Data storage optimization for Apache Spark

This article discusses strategies to optimize data storage for efficient Apache Spark job execution on Azure HDInsight.


Spark supports many formats, such as csv, json, xml, parquet, orc, and avro. Spark can be extended to support many more formats with external data sources - for more information, see Apache Spark packages.

The best format for performance is parquet with snappy compression, which is the default in Spark 2.x. Parquet stores data in columnar format, and is highly optimized in Spark.

Choose data abstraction

Earlier Spark versions use RDDs to abstract data, Spark 1.3, and 1.6 introduced DataFrames and DataSets, respectively. Consider the following relative merits:

  • DataFrames
    • Best choice in most situations.
    • Provides query optimization through Catalyst.
    • Whole-stage code generation.
    • Direct memory access.
    • Low garbage collection (GC) overhead.
    • Not as developer-friendly as DataSets, as there are no compile-time checks or domain object programming.
  • DataSets
    • Good in complex ETL pipelines where the performance impact is acceptable.
    • Not good in aggregations where the performance impact can be considerable.
    • Provides query optimization through Catalyst.
    • Developer-friendly by providing domain object programming and compile-time checks.
    • Adds serialization/deserialization overhead.
    • High GC overhead.
    • Breaks whole-stage code generation.
  • RDDs
    • You don't need to use RDDs, unless you need to build a new custom RDD.
    • No query optimization through Catalyst.
    • No whole-stage code generation.
    • High GC overhead.
    • Must use Spark 1.x legacy APIs.

Select default storage

When you create a new Spark cluster, you can select Azure Blob Storage or Azure Data Lake Storage as your cluster's default storage. Both options give you the benefit of long-term storage for transient clusters. So your data doesn't get automatically deleted when you delete your cluster. You can recreate a transient cluster and still access your data.

Store Type File System Speed Transient Use Cases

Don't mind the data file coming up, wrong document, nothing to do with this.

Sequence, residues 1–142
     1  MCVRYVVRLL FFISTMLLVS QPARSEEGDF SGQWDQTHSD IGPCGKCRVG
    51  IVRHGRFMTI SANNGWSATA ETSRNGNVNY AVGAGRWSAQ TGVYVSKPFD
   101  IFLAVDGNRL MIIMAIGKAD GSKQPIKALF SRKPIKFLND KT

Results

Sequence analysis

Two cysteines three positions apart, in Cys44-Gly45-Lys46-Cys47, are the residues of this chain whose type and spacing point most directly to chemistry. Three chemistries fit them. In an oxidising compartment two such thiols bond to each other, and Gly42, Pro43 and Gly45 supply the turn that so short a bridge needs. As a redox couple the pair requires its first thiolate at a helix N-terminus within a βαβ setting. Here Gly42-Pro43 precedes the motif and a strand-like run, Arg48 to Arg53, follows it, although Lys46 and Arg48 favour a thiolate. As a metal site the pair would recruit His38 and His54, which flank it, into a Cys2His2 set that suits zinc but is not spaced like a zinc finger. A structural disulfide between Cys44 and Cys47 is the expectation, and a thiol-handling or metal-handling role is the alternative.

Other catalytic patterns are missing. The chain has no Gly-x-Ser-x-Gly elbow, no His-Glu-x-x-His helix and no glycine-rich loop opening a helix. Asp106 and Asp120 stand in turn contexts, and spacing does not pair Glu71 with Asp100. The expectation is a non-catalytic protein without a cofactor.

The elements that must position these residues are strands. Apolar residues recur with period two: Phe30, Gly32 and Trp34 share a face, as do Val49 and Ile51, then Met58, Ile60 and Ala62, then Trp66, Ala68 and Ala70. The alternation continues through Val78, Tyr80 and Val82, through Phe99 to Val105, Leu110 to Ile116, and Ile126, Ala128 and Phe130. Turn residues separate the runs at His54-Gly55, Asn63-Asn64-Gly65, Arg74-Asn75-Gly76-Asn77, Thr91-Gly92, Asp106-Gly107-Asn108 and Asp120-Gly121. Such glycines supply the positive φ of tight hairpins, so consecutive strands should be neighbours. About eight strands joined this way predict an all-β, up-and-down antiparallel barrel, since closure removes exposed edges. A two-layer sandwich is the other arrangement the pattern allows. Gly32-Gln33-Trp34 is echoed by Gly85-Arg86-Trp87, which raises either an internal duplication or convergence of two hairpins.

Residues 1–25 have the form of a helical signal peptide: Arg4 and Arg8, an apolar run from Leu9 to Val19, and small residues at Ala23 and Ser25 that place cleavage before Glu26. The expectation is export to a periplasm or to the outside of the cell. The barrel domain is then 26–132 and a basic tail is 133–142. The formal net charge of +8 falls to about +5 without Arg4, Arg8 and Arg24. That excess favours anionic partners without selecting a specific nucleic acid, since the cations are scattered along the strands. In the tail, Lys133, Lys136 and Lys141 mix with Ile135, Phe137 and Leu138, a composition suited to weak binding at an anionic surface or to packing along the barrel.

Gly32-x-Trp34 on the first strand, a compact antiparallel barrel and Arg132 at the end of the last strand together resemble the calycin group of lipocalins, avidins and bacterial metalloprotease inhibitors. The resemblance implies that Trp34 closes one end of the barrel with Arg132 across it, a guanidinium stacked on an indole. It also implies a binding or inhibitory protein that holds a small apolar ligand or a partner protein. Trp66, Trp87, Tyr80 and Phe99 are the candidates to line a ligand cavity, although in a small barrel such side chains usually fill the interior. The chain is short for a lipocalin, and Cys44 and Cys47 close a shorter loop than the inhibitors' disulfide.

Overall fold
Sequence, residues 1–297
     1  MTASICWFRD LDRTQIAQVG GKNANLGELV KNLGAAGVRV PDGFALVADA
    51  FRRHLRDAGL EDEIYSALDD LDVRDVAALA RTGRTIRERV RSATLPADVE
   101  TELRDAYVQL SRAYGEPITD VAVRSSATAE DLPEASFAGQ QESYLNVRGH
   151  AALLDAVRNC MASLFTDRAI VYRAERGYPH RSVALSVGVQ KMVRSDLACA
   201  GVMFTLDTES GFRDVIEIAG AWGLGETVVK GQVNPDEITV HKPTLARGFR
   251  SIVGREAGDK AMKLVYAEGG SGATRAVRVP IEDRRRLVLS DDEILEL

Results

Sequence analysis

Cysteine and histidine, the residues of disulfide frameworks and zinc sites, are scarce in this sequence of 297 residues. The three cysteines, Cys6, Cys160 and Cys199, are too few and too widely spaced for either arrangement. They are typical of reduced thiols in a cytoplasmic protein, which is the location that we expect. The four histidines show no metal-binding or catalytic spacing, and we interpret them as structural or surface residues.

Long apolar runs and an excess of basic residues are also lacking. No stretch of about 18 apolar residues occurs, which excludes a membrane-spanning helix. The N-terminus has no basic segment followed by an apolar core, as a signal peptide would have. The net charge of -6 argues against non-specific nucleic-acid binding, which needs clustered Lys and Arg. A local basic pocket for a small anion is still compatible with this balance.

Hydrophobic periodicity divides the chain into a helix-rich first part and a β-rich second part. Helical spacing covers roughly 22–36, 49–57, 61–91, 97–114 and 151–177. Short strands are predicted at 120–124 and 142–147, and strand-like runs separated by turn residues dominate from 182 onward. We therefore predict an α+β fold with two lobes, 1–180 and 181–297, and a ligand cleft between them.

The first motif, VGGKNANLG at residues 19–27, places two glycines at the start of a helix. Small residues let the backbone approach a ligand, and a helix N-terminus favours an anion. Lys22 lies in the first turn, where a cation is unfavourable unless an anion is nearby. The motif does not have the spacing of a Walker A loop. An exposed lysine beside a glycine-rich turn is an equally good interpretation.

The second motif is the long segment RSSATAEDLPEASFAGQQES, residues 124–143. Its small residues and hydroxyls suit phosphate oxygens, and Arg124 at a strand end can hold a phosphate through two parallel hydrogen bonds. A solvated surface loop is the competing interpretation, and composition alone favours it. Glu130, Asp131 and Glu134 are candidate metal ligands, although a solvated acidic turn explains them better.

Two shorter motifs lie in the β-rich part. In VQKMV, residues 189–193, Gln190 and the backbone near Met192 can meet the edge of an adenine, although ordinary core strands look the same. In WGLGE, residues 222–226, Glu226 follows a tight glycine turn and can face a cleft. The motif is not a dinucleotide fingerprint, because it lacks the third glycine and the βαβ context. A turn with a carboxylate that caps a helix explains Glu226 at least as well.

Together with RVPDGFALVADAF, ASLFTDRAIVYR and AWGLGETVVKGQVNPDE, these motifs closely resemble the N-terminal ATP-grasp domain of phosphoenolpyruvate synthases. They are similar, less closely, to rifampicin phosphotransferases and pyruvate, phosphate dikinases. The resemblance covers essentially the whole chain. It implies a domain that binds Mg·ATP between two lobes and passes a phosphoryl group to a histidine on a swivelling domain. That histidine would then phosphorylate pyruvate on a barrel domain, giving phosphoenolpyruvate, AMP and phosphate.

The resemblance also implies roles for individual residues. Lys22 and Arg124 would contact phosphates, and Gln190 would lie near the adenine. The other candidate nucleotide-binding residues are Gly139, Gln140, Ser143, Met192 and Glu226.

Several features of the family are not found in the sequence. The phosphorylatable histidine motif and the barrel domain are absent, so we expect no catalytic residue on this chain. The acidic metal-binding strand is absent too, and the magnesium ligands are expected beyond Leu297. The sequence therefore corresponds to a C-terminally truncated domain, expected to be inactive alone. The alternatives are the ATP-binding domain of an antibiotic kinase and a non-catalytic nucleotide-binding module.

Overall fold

Azure Blob Storage wasb://url/ Standard Yes Transient cluster
Azure Blob Storage (secure) wasbs://url/ Standard Yes Transient cluster
Azure Data Lake Storage Gen 2 abfs://url/ Faster Yes Transient cluster
Azure Data Lake Storage Gen 1 adl://url/ Faster Yes Transient cluster
Local HDFS hdfs://url/ Fastest No Interactive 24/7 cluster

For a full description of storage options, see Compare storage options for use with Azure HDInsight clusters.

Use the cache

Spark provides its own native caching mechanisms, which can be used through different methods such as .persist(), .cache(), and CACHE TABLE. This native caching is effective with small data sets and in ETL pipelines where you need to cache intermediate results. However, Spark native caching currently doesn't work well with partitioning, since a cached table doesn't keep the partitioning data. A more generic and reliable caching technique is storage layer caching.

  • Native Spark caching (not recommended)

    • Good for small datasets.
    • Doesn't work with partitioning, which may change in future Spark releases.
  • Storage level caching (recommended)

    • Can be implemented on HDInsight using the IO Cache feature.
    • Uses in-memory and SSD caching.
  • Local HDFS (recommended)

    • hdfs://mycluster path.
    • Uses SSD caching.
    • Cached data will be lost when you delete the cluster, requiring a cache rebuild.

Optimize data serialization

Spark jobs are distributed, so appropriate data serialization is important for the best performance. There are two serialization options for Spark:

  • Java serialization is the default.
  • Kryo serialization is a newer format and can result in faster and more compact serialization than Java. Kryo requires that you register the classes in your program, and it doesn't yet support all Serializable types.

Use bucketing

Bucketing is similar to data partitioning. But each bucket can hold a set of column values rather than just one. This method works well for partitioning on large (in the millions or more) numbers of values, such as product identifiers. A bucket is determined by hashing the bucket key of the row. Bucketed tables offer unique optimizations because they store metadata about how they were bucketed and sorted.

Some advanced bucketing features are:

  • Query optimization based on bucketing meta-information.
  • Optimized aggregations.
  • Optimized joins.

You can use partitioning and bucketing at the same time.

Next steps